Well the utilitarian principle is pleasure-pain=goodness
(Original post by Retired_Messiah)
If my massive poos had no physical pain associated with them I'd feel no sense of relief and happiness when I finished them. I couldn't live in a world like that.
Also what about the poor masochists?
It's not just about minimisation of pain
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https://en.wikipedia.org/wiki/Epicureanism - a long held Western value and belief.
If i 'could' end suffering, like I was an omnipotent being, of course I would.
Can't remember where I read it. But there was an amazing site that argued that amputees, that prayed, and believed in God, proved either his non-existence, or that he was not all benevolent. But instead kinda evil, considering he could prevent natural disasters that massacre innocents also.
Not sure what level you want to discuss this. But bringing it back down to a more human perspective. Don't we all have some 'duty' to at least help alleviate suffering in the world as much as possible.
The outpourings of genuine sympathy, and cash money donations, whenever a tragic world event happens, shows that 'most' humans are really benevolent and charitable in nature. Surely it's a 'hard wired' (hate that term, but useful shorthand), for evolutionary advantage to be warm-hearted and generous to others suffering. Because one day you might be in a similar dire situation.
If there were a choice between doing nothing versus ending all suffering, I'd choose to do away with it. But, if we were offered a dimmer switch, where we could choose to merely scale it down, I think that may be the better way to go. It does depend on what we really mean by suffering.
If suffering is only a feeling that the experiencer would choose to, in all instances given the power, do away with, then it would be better to get rid of all of it. I don't think it's totally that way though. For example, if a loved one is lost, the resultant grief is a type of suffering, but I don't believe many people would choose to get rid of it. The grief is a natural consequence of your connection with the person who was lost, and not to grieve is almost to say that you had no connection with that person.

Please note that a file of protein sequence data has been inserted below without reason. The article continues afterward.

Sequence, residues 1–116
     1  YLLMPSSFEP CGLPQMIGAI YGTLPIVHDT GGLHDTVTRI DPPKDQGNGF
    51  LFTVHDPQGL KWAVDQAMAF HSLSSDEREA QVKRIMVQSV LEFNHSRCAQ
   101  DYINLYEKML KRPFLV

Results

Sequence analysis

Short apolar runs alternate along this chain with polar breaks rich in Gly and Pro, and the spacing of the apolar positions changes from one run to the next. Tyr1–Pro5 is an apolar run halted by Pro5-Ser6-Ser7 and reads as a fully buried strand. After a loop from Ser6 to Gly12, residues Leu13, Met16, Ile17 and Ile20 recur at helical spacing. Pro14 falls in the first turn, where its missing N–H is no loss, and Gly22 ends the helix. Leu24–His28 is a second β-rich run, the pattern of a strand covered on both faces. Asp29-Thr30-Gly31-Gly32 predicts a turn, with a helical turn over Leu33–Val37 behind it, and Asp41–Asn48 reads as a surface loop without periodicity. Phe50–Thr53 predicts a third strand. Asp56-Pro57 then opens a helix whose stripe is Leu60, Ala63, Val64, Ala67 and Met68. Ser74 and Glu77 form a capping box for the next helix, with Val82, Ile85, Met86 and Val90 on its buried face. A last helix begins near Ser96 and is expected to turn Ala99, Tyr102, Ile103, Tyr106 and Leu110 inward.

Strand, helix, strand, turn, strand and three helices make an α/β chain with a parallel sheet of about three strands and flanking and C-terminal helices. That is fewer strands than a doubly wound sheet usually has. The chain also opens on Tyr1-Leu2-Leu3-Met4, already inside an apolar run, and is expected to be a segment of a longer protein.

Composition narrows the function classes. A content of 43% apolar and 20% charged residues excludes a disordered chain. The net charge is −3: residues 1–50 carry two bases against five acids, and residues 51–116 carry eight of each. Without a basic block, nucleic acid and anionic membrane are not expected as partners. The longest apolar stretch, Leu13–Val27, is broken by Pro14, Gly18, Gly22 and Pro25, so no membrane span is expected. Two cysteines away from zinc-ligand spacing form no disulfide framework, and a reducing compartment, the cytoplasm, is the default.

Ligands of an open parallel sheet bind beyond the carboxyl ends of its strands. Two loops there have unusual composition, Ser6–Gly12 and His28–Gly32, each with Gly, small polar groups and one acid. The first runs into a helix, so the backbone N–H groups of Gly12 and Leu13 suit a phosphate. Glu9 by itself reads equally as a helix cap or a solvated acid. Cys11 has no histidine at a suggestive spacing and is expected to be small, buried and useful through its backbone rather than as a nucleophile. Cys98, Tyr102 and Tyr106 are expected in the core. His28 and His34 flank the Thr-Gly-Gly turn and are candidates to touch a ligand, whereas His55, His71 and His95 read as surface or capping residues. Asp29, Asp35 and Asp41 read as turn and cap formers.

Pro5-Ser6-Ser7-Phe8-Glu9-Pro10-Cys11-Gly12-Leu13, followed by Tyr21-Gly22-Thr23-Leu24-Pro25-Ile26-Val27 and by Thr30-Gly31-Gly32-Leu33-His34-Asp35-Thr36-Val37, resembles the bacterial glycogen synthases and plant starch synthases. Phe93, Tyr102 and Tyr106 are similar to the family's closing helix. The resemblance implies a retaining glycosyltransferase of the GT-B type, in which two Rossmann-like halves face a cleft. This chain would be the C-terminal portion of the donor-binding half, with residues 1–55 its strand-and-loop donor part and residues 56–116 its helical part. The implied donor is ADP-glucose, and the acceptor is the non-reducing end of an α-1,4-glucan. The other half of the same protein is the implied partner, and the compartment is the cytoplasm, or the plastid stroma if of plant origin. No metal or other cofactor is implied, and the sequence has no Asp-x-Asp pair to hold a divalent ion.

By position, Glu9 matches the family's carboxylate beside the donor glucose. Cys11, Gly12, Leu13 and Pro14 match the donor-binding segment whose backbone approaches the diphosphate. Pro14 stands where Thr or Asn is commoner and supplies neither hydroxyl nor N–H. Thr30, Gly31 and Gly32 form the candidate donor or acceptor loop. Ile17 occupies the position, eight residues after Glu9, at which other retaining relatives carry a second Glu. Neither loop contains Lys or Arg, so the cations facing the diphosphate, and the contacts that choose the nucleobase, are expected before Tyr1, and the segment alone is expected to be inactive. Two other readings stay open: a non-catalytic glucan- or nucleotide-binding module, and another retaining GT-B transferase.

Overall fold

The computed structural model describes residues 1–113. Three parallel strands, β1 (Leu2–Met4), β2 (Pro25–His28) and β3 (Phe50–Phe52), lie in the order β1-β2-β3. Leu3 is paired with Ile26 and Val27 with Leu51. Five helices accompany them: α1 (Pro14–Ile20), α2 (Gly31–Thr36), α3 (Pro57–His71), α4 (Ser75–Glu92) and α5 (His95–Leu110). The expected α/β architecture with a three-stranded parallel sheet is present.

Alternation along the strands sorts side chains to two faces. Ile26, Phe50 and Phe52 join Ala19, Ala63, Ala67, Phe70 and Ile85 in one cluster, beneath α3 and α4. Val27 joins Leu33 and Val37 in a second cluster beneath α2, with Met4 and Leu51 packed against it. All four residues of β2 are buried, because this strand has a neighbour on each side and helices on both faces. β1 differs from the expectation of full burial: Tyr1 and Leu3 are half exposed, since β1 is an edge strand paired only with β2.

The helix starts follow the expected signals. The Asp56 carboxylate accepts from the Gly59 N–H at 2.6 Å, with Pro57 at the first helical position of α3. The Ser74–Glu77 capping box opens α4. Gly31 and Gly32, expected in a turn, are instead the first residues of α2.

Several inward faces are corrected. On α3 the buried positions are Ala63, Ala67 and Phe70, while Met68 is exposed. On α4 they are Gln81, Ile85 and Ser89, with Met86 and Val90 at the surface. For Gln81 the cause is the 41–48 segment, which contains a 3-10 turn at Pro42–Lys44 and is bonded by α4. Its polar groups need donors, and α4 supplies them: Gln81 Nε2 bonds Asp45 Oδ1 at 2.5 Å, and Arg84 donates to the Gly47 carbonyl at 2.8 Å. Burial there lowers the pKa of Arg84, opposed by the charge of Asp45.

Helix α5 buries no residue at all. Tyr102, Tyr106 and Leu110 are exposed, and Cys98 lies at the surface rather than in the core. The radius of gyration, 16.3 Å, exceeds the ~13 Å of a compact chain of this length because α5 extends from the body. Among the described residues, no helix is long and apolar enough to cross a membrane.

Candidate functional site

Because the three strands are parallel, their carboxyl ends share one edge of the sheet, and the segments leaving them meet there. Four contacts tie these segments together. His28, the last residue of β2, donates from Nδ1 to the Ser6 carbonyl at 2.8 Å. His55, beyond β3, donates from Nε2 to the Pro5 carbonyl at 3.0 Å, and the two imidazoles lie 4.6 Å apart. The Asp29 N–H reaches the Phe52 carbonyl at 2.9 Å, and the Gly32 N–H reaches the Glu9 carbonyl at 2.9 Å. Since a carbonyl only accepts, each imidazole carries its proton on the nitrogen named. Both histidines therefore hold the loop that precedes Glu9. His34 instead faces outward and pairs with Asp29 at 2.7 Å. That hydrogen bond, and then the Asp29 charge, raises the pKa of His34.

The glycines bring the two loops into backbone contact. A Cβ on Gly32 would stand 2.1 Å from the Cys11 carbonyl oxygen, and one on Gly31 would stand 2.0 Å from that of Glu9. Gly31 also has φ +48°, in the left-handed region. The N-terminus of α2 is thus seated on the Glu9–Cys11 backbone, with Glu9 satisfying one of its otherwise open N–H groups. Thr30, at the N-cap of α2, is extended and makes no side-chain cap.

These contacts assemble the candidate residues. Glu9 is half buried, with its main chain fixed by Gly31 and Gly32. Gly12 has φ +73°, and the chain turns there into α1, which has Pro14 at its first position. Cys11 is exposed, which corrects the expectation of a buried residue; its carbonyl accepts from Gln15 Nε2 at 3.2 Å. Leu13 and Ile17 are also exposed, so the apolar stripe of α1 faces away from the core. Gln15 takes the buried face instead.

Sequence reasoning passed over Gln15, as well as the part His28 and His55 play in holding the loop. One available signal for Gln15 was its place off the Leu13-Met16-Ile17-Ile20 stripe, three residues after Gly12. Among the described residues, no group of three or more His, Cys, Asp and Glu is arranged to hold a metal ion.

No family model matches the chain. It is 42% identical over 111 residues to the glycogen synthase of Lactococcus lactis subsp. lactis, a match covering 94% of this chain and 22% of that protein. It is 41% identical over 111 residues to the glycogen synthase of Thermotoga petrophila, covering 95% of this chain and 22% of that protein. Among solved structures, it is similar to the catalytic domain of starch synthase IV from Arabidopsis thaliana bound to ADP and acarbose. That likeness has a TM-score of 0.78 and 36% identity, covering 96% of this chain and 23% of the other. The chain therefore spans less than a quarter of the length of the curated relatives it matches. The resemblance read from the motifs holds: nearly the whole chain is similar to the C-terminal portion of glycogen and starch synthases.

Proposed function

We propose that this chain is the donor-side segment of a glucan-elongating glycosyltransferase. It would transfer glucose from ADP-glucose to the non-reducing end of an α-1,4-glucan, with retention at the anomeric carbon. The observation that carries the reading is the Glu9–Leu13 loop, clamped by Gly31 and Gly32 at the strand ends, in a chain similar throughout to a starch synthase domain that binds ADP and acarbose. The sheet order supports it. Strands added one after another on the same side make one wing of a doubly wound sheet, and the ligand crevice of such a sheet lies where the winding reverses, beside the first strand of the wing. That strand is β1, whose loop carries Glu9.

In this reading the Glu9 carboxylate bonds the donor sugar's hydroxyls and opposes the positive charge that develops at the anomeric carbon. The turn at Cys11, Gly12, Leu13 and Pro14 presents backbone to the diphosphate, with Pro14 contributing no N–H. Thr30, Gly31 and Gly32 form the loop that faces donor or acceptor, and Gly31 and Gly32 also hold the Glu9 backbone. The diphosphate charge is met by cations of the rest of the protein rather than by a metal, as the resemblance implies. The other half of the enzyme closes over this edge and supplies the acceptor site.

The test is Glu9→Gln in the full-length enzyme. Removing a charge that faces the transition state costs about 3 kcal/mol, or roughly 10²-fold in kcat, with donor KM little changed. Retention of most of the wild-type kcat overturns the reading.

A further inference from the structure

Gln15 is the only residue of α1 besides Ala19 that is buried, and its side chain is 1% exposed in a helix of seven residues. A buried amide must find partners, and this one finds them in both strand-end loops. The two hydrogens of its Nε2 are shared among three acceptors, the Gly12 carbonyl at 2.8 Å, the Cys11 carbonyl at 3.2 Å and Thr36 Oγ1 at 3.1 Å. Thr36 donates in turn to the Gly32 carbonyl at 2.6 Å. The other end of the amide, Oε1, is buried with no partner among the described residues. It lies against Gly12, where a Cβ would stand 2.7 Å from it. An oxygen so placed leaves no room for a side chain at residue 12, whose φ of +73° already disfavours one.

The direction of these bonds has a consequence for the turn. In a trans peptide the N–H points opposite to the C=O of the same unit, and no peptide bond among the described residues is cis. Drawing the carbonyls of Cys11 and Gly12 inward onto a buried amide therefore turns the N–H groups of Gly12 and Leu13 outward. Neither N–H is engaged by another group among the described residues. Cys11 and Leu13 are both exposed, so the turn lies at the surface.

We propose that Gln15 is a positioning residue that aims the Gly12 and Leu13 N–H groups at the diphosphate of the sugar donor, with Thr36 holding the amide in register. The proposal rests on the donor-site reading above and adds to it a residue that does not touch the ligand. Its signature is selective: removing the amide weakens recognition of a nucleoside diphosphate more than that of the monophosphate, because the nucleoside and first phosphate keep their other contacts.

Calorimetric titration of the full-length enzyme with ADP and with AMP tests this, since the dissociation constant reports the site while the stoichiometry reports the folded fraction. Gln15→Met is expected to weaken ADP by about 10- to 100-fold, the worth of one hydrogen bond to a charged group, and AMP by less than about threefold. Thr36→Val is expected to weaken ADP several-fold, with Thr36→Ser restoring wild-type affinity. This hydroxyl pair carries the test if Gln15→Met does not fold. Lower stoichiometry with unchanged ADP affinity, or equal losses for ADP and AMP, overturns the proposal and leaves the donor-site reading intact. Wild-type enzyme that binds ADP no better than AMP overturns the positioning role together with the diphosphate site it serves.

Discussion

Another example we could look at is the fatigue one experiences after intense exercise. When running, it starts to burn. When lifting weights, the muscles scream. If you isolated those feelings and applied them to a situation where, for example, someone with ill-intent were inflicting them on you, of course you'd dislike it and want the person to stop. However, the context in which they're naturally received is one where you're pushing yourself in order to grow and strengthen yourself as a person, or achieve the best of your potential. In that context, I don't believe many people would want to get rid of them.
It could be argued that these things aren't 'true' instances of suffering, in which case it'd be prudent to choose to get rid of all suffering. But, if they're considered to be simply low-level instances of suffering, it'd probably be better to keep them.
You have to go through forms of hardship in order to experience "life" imo, it's all part of the learning curve and makes you a more well-rounded person.
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